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"BAA faces break-up in monopoly inquiry"


 
Wednesday, December 13, 2006

Airports operator faces break-up in monopoly inquiry
 OFT spotlights poor quality and high charges
 Company says changes would risk 9.5bn plans 
By Simon Bowers
United Kingdom - The Guardian 


BAA has warned that flight prices are likely to rise if competition
authorities force the airport operator to relinquish monopoly control of air
passenger travel in London and Scotland.

The company, taken over in June by a consortium led by Ferrovial, is
investing 9.5bn in London over the next 10 years, including a fifth
terminal at Heathrow in 2008 and a second runway at Stansted. It believes
this programme would become more expensive if carried out by smaller
businesses following a BAA break-up.

"Clearly a smaller company would have a smaller balance sheet and that would
make investment more expensive," a spokesman said. "It would therefore,
theoretically, lead to higher prices rather than lower prices."

BAA's warning came after the Office of Fair Trading said it was preparing to
refer the 2.8bn UK airport market to the Competition Commission. The OFT
does not accept the airport operator's argument that investment is most
efficiently carried out by a monopoly operator. It believes BAA has serious
competition issues in London and lowland Scotland.

"There is evidence of poor quality and high charges," said OFT's chief
executive, John Fingleton. "BAA's investment plans, which are of great
importance to the UK, have raised significant concerns among its customers.
These are signs of a market not working well for consumers."

BAA-owned Heathrow, Gatwick and Stansted account for more than 90% of air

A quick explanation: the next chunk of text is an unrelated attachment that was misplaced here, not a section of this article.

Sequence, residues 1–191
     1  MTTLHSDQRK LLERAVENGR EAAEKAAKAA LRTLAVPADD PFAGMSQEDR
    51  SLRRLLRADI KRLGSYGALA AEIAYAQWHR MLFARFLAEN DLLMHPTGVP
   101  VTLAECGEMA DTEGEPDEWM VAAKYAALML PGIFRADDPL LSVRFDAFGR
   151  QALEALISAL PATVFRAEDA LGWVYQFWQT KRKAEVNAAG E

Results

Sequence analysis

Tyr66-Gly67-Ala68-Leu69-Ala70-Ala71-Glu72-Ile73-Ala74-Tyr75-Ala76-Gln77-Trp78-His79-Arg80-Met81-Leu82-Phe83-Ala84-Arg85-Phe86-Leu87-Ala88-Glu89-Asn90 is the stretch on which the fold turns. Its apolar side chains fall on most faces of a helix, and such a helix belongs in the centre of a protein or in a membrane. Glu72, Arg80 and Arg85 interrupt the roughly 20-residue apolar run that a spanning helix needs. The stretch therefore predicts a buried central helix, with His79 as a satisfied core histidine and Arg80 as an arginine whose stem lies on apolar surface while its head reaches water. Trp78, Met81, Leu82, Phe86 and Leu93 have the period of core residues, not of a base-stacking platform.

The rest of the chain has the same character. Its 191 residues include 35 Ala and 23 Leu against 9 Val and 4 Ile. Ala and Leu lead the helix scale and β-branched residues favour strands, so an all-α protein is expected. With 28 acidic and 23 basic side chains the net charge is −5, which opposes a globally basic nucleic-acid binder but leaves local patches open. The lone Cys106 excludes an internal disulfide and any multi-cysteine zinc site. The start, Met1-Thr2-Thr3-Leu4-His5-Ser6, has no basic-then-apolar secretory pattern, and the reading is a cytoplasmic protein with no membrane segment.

passenger travel in and around London. The company makes just over half its
revenues from charges to airlines, with the rest made up of retailing and
other airport services such as car parking - elements of which were also
found by the OFT's report to be uncompetitive.

Airline operators, many of which have been pressing for a full competition
inquiry for some years, were delighted the OFT was planning a referral. BA
said: "Effective regulation is key to preventing abuse of monopoly power,
especially at Heathrow and Gatwick."

Ryanair's boss, Michael O'Leary, said: "Ryanair has long called for a break
up of the BAA monopoly. Heathrow is a shambles which most passengers, if
they could, would avoid at all costs. Equally Stansted, where we operate, is
an over-specified, gold-plated Taj Mahal."

BAA said it had already been the subject of a string of government and
regulatory inquiries, all of which had been satisfied that there was no need
to dismantle the firm's monopoly.

The government is expected to publish a transport white paper this week
confirming its support for investments at Heathrow and Stansted. Stephen
Nelson, BAA's chief executive, said: "The main issue facing the UK is a lack
of terminal and runway capacity in the south-east of England, which results
in delay and congestion ... Lack of capacity is a complex issue. It would be
wrong to jump to quick and simplistic conclusions about [BAA's] structure."
The airport operator said the UK's complex planning laws and an antiquated
regulatory regime were the greatest obstacles to investment in capacity.

But the OFT's report found that BAA's grip "limits competition between
airports to promote delivery of extra capacity in a timely and
cost-effective manner". Regulators have been deluged with submissions from
airlines critical of BAA's investment plans. None of the major carriers
supported these plans.

The OFT noted BAA was incentivised to carry out "gold plating" investments
in order to justify higher charges to airlines without necessarily expanding
capacity.

Mr Fingleton yesterday invited comments on the OFT findings before the
matter is formally referred to the Competition Commission in eight weeks'
time. BAA will continue to press its case but is unlikely to offer any
concessions to Mr Fingleton in order to avoid the referral.

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